Apple-Stink bug

Brown marmorated stink bug (Halyomorpha halys)

Consperse stink bug (Euschistus conspersus)

Green stink bug (Chinavia hilaris)

Pest description and crop damage Adult stink bugs are all shield-shaped, with a triangle-shaped section in the middle of their backs. They are generally up to about 0.5 to 0.6 inch long. The name stink bug refers to the strong odor the insects can emit if alarmed.

The consperse and green stink bugs are native pests, and the brown marmorated stink bug is an invasive pest that is an increasing problem in apples in some regions of the PNW. See: EMERGING PEST: Brown Marmorated Stink Bug: A Threat to Pacific Northwest Agriculture

The adult consperse stink bug is pale brown, yellow underneath with red antennae. The adult green stink bug is bright green. Nymphs are similar in shape to the adults and come in a variety of colors. Brown marmorated stink bug (BMSB) is characterized by white bands on the coal-colored antennae and legs; a distinct brown "marbled" color on the back that consists of flecks of different brown colors; red eyes; and an underside that may be cream, pink, red, yellow or green. Stink bugs cause damage to plants by sucking sap from buds, leaves, stems or fruits. Cat-facing damage on fruit indicates early season damage. Late season damage may be difficult to detect and worsens in storage. Areas of corky cells will be apparent beneath the skin of the fruit, and these will brown with oxidation. Stink bug damage can superficially resemble the physiological disorder known as bitter pit, but stink bug damage tends to originate within 1 cm of the fruit surface, while bitter pit damage can occur throughout the fruit. Note that chemical controls tend to be very disruptive to orchard natural enemies.

Biology and life history Native stink bug adults overwinter in groundcover. They feed early in the season on weeds and may move later into other host plants. Stink bug damage is worst in dry summers when alternative hosts are dried up. BMSB adults overwinter in human structures including homes, shops and outbuildings. Rock outcrops, leaf litter, and dead standing timber may also be used as overwintering sites for BMSB. BMSB move out from overwintering sites into orchards in the spring where they may begin to reproduce. They may also immigrate in from forest or riparian borders, or other crops throughout the growing season.

Management-biological control

Egg parasitoids attack native stink bug eggs. Parasitic flies (Tachinidae) attack native stink bug nymphs and adults and lay eggs on them. The egg hatches and the fly larva then penetrates the host stink bug and consumes it from the inside. Native stink bug egg parasitoids and parasitic flies have little effect on BMSB, but an accidentally introduced egg parasitoid called samurai wasp (Trissolcus japonicus) is now establishing across the PNW. Predators of different lifestages include lacewings, ladybird beetles, ground beetles, web-making spiders, praying mantids and others.

Management-cultural control

Manage weedy vegetation within and around the orchard (especially blackberry, mustard and radish). Do not mow cover crops or weeds when stink bugs are present since mowing may cause bugs to disperse to the fruit trees.

Management-chemical control: HOME USE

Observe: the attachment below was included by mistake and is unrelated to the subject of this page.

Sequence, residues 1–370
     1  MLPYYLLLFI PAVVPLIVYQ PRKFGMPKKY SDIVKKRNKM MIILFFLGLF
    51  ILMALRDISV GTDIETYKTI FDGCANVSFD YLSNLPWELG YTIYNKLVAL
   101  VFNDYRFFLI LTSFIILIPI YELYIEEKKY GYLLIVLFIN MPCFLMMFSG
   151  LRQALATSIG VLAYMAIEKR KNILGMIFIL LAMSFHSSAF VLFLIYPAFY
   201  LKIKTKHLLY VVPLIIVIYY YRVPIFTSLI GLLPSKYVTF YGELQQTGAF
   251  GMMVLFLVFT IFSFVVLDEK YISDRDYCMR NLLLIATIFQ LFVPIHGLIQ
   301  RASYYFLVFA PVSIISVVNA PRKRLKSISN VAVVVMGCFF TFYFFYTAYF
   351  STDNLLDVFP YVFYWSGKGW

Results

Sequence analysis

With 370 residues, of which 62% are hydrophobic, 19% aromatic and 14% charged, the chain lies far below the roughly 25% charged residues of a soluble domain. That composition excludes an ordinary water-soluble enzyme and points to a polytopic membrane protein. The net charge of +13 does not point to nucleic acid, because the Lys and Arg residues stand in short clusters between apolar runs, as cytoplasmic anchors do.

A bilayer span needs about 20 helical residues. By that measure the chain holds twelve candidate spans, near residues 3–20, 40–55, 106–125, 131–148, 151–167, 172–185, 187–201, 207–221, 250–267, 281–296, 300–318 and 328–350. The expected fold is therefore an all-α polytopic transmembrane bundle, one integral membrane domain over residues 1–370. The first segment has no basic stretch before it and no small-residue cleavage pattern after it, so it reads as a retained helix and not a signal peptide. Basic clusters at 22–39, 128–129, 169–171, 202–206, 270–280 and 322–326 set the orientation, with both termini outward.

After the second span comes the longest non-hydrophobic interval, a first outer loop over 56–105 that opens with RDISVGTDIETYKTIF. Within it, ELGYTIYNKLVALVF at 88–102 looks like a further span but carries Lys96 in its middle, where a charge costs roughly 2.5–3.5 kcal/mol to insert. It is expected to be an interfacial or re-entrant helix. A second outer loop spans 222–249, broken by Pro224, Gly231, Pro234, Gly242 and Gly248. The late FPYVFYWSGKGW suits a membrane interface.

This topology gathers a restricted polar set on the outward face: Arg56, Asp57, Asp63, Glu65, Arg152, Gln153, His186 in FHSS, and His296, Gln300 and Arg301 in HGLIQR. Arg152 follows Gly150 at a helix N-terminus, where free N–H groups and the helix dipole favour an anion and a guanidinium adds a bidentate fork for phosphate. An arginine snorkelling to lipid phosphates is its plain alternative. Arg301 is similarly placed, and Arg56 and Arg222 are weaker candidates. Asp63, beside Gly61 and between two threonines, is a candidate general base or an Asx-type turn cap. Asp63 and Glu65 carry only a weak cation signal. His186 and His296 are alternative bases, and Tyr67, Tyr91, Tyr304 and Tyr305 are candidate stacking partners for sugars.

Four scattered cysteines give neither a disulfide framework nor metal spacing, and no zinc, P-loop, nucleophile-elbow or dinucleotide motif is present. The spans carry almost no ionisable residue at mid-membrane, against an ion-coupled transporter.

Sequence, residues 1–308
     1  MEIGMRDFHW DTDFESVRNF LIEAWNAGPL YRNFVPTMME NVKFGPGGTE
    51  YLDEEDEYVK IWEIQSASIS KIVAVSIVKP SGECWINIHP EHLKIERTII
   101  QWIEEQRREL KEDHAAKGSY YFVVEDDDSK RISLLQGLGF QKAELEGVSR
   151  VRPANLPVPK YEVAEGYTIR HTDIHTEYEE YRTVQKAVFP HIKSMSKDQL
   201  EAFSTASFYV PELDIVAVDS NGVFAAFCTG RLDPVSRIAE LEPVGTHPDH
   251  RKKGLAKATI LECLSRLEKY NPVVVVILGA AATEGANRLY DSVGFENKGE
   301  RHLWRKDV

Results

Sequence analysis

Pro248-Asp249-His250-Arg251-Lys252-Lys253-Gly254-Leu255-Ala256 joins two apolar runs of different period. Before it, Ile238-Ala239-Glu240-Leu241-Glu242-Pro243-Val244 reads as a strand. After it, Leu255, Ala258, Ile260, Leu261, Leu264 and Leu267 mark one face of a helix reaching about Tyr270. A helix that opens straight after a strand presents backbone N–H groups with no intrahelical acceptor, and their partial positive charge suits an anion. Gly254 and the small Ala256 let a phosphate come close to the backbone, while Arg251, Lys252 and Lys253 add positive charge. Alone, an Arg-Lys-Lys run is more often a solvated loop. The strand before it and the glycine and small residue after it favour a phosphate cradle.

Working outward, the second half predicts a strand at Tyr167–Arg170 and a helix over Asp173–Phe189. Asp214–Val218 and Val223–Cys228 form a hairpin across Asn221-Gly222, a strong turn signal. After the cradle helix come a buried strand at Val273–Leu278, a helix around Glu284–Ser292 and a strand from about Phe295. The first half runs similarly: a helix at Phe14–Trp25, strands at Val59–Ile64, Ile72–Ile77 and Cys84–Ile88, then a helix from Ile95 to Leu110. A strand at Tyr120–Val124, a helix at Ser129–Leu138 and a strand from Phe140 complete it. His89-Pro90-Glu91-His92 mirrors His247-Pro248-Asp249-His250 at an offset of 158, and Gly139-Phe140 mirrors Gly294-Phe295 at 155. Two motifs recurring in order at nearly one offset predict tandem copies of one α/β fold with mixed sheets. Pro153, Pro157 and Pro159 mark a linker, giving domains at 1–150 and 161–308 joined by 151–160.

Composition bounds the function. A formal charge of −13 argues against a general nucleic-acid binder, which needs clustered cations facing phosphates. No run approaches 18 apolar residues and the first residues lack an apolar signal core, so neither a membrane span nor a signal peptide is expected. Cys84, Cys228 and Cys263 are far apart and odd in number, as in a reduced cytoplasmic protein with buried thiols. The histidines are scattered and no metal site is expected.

Spring and summer

  • acetamiprid
  • azadirachtin (neem oil)-Some formulations are OMRI-listed for organic use.
  • carbaryl
  • esfenvalerate
  • gamma-cyhalothrin
  • imidacloprid-Soil drenches may have residual activity in woody plants lasting for 12 or more months. If short-term management is the goal, consider other approaches.
  • insecticidal soap-Some formulations OMRI-listed for organic use.
  • kaolin clay-Applied as a spray to leaves, stems, and fruit, it acts as a repellant to some insect pests. Some formulations are OMRI-listed for organic use.
  • lambda-cyhalothrin
  • permethrin
  • pyrethrins (often as a mix with other ingredients)-Some formulations are OMRI-listed for organic use.
  • zeta-cypermethrin

Management-chemical control: COMMERCIAL USE

Late spring and summer

  • beta-cyfluthrin (Bathyroid) 2 to 2.4 oz in up to 100 gal of water per application. 12-hour reentry. PHI 14 days. [Group3]
  • clothianidin (Belay Insecticide) at 6 to 12 fl oz/a (0.1 to 0.2 lb ai/a). Do not apply more than 12 fl oz (0.2 lb ai) of Belay Insecticide per acre per season. PHI 7 days. Do not feed or allow livestock to graze on cover crops from treated orchards. [Group 4]
  • cyfluthrin (Tombstone) at 2.4 to 2.8 oz/a in no less than 100 gal of water per application. PHI 7 days. [Group3A]
  • esfenvalerate (Asana XL) at 4.8 to 14.5 oz of product/a in up to 100 gal of water per application. Do not exceed 0.525 lb ai/a per growing season. Very toxic to predatory mites. Foliar use may cause spider mite outbreaks. This pesticide is not compatible with integrated control programs for spider mites. PHI 21 days. [Group 3A]
  • fenpropathrin (Danitol 2.4 EC) at 16 to 21.3 oz/a in up to 100 gal of water per application. Can be used in Washington for stink bug control under a 24c SLN label (WA-020014). Highly toxic to fish, bees, and wildlife. PHI 14 days. [Group 3A]
  • gamma-cyhalothrin (Declare, others) at 1.02 to 2.05 oz in enough water to achieve good coverage. No more than 0.08 lb AI per year. PHI days [Group 3A].
  • imidacloprid (Admire Pro) at 1.2 to 2.4 oz/a. Can be applied as soil application through chemigation system, rates and restrictions differ for this application, see label. Generic labels available. PHI 7 days. [Group 4A]
  • lambda-cyhalothrin (Warrior II, generics available) at 1.28 to 2.56 oz in enough water to achieve thorough coverage. PHI 21 days. [Group 3A]
  • zeta-cypermethrin (Mustang Maxx) at 5 to 6 oz/a in a minimum of 100 gal of water for dilute spray. PHI 14 days. [Group 3A]